Colorful street art brightens the otherwise drab warehouses, where Cuban and Haitian immigrants labor inside binding books, making furniture and sewing clothes. The murals depict flamingoes, a fruit vendor, a girl celebrating her quinceañera.

Los Angeles is getting a new contemporary art museum, courtesy of billionaire philanthropist Eli Broad and his wife Edythe. Their free museum opens Sunday.

Surrounded by the Walt Disney Concert Hall, the Music Center and the Museum of Contemporary Art, The Broad is already an architectural landmark, with its honeycomb-like exoskeleton.

"This shell of sorts, this light filter, this amazing sculptural structure ... enrobes the museum," says Joanne Heyler, the museum's director and chief curator.

In downtown Juarez, Mexico, just across the border from El Paso, Texas, Nelson Armeto and his brothers run a seafood restaurant called Pisces. Like other businesses owners in Juarez, they met with trouble beginning in 2008, when the drug cartels began demanding a monthly extortion fee.

"We received calls telling us we had to pay a quota, otherwise we'd get the business burned down, or a car passing by would be shooting up the place," he says. "They even threatened kidnapping us and even sometimes killing the employees."

Beasts of No Nation is the story of a West African child who is forced to join a unit of mercenary fighters. Actor Idris Elba portrays a brutal warlord who recruits the child soldier.

Copyright 2015 NPR. To see more, visit http://www.npr.org/.

Copyright 2017 NPR. To see more, visit http://www.npr.org/.

ROBERT SIEGEL, HOST:

Born Ruby Ann Wallace in the early 1920s in Cleveland, actress and civil rights activist Ruby Dee most identified with the part of New York City where she was raised.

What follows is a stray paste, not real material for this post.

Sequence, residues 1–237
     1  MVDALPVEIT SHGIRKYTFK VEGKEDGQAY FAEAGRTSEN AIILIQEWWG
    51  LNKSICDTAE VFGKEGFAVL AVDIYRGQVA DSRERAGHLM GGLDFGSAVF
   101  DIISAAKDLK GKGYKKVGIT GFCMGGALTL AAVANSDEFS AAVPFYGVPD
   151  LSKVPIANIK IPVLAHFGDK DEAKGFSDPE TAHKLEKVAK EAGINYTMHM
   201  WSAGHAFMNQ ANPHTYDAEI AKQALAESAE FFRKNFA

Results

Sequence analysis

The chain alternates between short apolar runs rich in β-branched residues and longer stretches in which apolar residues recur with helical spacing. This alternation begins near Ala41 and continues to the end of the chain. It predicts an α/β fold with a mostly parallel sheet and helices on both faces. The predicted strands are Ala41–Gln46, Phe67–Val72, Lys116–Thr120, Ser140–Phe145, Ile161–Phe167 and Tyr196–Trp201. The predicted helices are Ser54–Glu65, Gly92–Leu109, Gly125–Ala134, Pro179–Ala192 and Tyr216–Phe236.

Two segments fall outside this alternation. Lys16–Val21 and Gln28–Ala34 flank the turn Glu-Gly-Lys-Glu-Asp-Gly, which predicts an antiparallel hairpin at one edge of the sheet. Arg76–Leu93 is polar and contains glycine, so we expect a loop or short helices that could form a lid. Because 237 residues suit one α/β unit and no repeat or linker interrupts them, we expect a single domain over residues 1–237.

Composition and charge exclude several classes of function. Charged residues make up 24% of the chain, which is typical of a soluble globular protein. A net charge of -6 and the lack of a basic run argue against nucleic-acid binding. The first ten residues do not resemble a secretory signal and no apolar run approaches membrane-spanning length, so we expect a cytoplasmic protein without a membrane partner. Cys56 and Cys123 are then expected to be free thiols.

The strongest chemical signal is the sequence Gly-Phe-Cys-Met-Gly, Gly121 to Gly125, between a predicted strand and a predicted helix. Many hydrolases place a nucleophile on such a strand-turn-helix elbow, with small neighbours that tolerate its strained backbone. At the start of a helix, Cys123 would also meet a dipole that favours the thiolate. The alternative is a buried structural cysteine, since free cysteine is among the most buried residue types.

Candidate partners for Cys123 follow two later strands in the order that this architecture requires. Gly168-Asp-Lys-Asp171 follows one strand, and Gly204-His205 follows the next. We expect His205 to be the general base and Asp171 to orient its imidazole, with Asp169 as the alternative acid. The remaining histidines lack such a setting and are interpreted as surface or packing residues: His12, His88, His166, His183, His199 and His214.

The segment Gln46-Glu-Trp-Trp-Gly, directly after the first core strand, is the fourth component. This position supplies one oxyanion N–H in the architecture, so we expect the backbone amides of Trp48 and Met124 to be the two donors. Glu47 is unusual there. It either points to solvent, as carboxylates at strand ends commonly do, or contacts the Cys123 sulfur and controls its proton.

"I don't know who I would be if I weren't this child from Harlem, this woman from Harlem. It's in me so deep," Dee told NPR's Tell Me More in 2007.

She died Wednesday of natural causes at her home in New Rochelle, N.Y., surrounded by her children and grandchildren. She was 91.

Actress Diane Keaton remains an icon, decades after her Oscar-winning performance in Annie Hall. At 68, she's a single mother of two, once romantically linked to some of Hollywood's biggest heartthrobs and still starring in films. And she still rocks her trademark look: a bowler hat, tinted glasses, oversized clothes, scarves, gloves, long sleeves and boots — "Clothing that actually hides the body," she says. "There's a lot to hide in my case. I'm the only remaining person on earth with this particular look."

Latin American author Gabriel Garcia Marquez, who won the Nobel Prize in literature in 1982, died Thursday. He was 87. Garcia Marquez, the master of a style known as magic realism, was and remains Latin America's best-known writer.

His novels were filled with miraculous and enchanting events and characters; love and madness; wars, politics, dreams and death. And everything he had written, Garcia Marquez once said, he knew or heard before he was 8 years old.

A Writer Shaped By His Beginnings

For the first time, this year's best director Oscar could go to a Mexican (Alfonso Cuaron, for Gravity) or a black Brit (Steve McQueen, for 12 Years a Slave). That film's lead actor, Chiwetel Ejiofor, is also in the running for an award; so is his Kenyan co-star Lupita Nyong'o, who was born in Mexico. This year's nominees are diverse, but the people who vote for the Oscars are not.

This Sunday's Grammy Awards ceremony is the annual big-ticket item for the National Academy of Recording Arts and Sciences. More than 28 million people around the world tuned in to watch the concert show last year. And this year's telecast is once again being touted as the most complicated — and expensive — production on TV.

It sometimes feels like church in the auditorium of the Professional Musicians union in Hollywood. It's a Sunday morning, and hundreds of people are gathered to meditate, sing and listen to inspirational poetry and stories.

But then the live band starts up — performing songs by the Beatles, the Rolling Stones and Jerry Lee Lewis. And instead of a sermon, there's a lecture by experimental psychologist and neuroscientist Jessica Cail about the biology of gender identification and sexual orientation.